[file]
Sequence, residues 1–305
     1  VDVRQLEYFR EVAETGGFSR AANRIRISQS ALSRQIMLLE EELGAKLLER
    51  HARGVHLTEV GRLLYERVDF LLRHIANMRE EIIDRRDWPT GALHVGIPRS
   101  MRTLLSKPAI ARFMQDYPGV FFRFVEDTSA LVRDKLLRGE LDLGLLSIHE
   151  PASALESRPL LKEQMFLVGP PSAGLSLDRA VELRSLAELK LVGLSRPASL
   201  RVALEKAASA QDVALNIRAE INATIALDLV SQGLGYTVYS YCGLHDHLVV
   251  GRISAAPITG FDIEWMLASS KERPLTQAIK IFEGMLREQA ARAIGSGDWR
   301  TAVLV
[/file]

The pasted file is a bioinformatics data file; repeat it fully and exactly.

Sequence, residues 1–305
     1  VDVRQLEYFR EVAETGGFSR AANRIRISQS ALSRQIMLLE EELGAKLLER
    51  HARGVHLTEV GRLLYERVDF LLRHIANMRE EIIDRRDWPT GALHVGIPRS
   101  MRTLLSKPAI ARFMQDYPGV FFRFVEDTSA LVRDKLLRGE LDLGLLSIHE
   151  PASALESRPL LKEQMFLVGP PSAGLSLDRA VELRSLAELK LVGLSRPASL
   201  RVALEKAASA QDVALNIRAE INATIALDLV SQGLGYTVYS YCGLHDHLVV
   251  GRISAAPITG FDIEWMLASS KERPLTQAIK IFEGMLREQA ARAIGSGDWR
   301  TAVLV